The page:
I've been trying to find some new ways into old songs. Swopping back and forth between a mic and recording and arranging software... trying new sounds, new tempos, new orchestrations...singing them, playing with them, trying to make them work.... I'm not sure if I can say I've found new ways, maybe I've found my own way into them. Standards. What a strange name for a set of extraordinary songs. Standard.
CRITERION, GAUGE, YARDSTICK, TOUCHSTONE ; a means of determining what a thing should be. STANDARD applies to any definite rule, principle, or measure established by authority <standards of behavior>: something established by authority, custom, or general consent as a model or example :
but if you go the etymology it makes a bit of sense:
Etymology: Middle English, from Old French estandard rallying point, standard, of Germanic origin; akin to Old English standan to stand and to Old English ord point -- more at ODD
1 : a conspicuous object (as a banner) formerly carried at the top of a pole and used to mark a rallying point especially in battle or to serve as an emblem
They are 'rallying points': where the army gathers their forces and says 'we stand here' in support of this belief, this king, this faith. Then, for me, the word works better... as I see it: sheet music was the money maker in the first part of the 20th Century, and songs and ditties - comical/ballad/dance numbers/ethnic/'race' songs etc etc etc - were churned out by the thousands and thousands.... people like Gershwin got their start sitting in music shops and playing through the new compositions: they were called song pluggers.... and so we have this incredible legacy of smart, sad, funny, witty, good, terrible songs and somehow, after years of winnowing, we've all reached some kind of concensus that these one hundred, or five hundred or one thousand songs have something more, something worth re-interpreting time and time again... so they're standards... they're places we've decided are worth revisiting and redefending time and again..
The funny thing about singing these songs is that I'm realizing how hard it is 'do your own thing' with them. These songs are tough. They were made to withstand a battered piano and a tone deaf singer in small town America in 1932.... in some way, they know what they want, and they know how they're supposed to be sung. You kind of have to sneak up on them, and take a word or a phrase by surprise to see if you can pull some new sense out of the song... and then they realize what you've done and push you back to singing them they way they want to be sung... they way they're 'supposed to be sung'...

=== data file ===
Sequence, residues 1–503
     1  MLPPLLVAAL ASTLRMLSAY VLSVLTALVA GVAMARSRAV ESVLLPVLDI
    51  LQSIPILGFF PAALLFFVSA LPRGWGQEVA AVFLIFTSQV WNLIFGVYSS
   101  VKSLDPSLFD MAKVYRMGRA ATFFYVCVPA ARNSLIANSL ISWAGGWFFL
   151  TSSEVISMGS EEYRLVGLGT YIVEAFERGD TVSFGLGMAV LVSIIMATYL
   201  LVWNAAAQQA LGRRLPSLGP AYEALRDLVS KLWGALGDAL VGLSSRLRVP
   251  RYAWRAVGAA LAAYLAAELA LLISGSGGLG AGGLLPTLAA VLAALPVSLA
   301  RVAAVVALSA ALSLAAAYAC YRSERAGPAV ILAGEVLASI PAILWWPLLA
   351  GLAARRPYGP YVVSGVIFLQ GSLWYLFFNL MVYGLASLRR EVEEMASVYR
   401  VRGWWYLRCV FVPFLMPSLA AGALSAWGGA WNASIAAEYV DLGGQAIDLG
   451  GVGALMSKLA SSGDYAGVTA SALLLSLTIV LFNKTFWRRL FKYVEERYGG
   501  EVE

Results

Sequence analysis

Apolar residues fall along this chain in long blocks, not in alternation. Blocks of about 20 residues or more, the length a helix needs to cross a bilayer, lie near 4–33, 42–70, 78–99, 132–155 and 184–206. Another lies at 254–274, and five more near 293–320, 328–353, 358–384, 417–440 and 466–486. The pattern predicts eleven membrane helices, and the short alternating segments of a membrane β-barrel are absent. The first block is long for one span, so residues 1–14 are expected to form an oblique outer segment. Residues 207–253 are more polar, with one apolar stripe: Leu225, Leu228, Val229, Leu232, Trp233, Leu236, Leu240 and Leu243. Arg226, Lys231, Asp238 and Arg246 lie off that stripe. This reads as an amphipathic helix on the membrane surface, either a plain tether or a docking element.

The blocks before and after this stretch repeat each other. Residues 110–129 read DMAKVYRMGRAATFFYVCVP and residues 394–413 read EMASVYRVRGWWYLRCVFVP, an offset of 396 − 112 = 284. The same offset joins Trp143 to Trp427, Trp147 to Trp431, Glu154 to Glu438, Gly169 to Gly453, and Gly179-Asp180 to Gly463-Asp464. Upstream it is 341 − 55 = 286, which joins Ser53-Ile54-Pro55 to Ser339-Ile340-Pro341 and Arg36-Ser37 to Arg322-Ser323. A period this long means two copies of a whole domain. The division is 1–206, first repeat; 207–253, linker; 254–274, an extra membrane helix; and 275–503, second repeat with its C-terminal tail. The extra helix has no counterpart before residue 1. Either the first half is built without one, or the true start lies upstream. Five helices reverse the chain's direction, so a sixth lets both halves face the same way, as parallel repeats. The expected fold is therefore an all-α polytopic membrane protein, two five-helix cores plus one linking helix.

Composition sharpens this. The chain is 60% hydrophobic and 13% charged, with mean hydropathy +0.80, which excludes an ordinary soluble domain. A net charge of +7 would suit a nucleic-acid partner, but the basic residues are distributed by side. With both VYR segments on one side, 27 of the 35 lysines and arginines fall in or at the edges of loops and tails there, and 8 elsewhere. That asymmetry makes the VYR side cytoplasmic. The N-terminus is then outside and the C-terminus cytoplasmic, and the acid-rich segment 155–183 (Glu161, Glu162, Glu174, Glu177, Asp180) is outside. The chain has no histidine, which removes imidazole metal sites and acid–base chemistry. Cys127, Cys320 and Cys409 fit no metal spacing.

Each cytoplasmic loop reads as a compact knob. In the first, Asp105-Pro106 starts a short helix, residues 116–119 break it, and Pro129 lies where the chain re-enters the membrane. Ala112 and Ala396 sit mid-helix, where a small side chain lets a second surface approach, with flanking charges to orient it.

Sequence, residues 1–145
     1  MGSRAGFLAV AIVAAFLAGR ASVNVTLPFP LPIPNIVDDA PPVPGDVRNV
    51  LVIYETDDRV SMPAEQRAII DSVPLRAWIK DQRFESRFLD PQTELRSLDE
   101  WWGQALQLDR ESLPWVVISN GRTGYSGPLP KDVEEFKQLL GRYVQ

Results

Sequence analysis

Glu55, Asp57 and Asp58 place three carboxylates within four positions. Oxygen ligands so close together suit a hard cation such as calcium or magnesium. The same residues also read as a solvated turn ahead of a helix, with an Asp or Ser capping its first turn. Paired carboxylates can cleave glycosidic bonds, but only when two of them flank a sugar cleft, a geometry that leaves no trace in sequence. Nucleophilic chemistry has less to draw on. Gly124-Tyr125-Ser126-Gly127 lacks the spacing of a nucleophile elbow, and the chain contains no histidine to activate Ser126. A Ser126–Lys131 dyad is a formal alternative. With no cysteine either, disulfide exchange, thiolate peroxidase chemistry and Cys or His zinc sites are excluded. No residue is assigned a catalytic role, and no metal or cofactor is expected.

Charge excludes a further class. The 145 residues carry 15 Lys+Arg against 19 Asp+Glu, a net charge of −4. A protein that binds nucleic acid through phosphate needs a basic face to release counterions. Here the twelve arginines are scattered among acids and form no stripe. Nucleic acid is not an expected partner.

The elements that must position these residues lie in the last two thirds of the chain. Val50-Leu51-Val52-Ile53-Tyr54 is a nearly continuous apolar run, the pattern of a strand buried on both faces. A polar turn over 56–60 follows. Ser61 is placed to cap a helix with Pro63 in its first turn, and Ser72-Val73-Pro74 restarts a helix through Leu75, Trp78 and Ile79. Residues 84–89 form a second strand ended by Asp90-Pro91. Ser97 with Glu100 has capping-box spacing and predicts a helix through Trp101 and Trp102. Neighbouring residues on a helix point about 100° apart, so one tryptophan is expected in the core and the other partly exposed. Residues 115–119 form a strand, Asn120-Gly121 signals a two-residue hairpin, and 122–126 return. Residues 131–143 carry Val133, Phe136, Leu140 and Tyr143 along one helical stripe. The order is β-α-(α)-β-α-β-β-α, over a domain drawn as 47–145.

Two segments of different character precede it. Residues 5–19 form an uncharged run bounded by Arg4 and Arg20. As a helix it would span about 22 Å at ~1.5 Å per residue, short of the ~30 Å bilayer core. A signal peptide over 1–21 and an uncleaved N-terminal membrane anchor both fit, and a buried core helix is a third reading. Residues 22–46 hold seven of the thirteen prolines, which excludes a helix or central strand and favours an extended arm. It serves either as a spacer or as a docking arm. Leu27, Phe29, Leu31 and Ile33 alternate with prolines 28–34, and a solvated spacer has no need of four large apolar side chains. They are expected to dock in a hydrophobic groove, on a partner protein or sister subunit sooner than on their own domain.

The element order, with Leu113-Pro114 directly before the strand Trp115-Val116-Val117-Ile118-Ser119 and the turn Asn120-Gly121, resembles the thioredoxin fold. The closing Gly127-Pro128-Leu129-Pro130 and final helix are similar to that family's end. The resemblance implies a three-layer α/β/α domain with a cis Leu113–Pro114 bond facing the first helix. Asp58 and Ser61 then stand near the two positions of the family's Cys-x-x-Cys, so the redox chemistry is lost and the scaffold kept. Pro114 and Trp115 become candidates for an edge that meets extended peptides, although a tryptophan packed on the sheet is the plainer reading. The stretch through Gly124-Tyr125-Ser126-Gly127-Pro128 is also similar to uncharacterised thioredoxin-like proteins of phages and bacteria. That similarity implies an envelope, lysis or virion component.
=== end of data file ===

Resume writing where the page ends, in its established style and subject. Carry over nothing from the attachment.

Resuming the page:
I'm trying to discover what my 'standards' are. I'm singing the Chemical Brothers side by side with Gershwin, and Ron Sexsmith beside Cole Porter... and I'm not sure what defines one from the other. There's a harmonic depth that the older songs have that is totally lacking from the basic chords of a pop song. The older songs are filled with puns and double entendres and complicated rhythmic grammer that is a joy to decipher... But, nevertheless, a great pop song can have a totally different power that the early standards don't. Sometimes, great pop lyrics have the beauty that is the flatness of everyday speech put to music... a sort of joyous, cynical lack of art..... and the hook... the sweet pleasure of the hook of a pop song, that blend of slurs of speech with a simple melodic jab that can pull your heart out of your chest.... whether it's Frankie Goes to Hollywood, The Drifters or Brittany Spears... There is something magically powerful and beautiful and empty about great, great pop songs...
"Pop is a means to perfect liberation from meaning...anyone who believed differently, who believed that rock n’ roll could support concepts more complex than yes or no, or tell stories more intricate than ‘I want’ or ‘leave me alone’ would be destroyed by the form itself -- punished for betraying it. You might get a hit, he said, and then take the response to the sound you made as proof you had something to say, but it isn’t true. and anyone who believed otherwise would end up as a shabby old man with a a tin whistle standing in the rain trying to make himself heard, to get someone to listen, to get one more hit."
from the great book: Lipstick Traces: A Secret History of the 20th Century, by Greil Marcus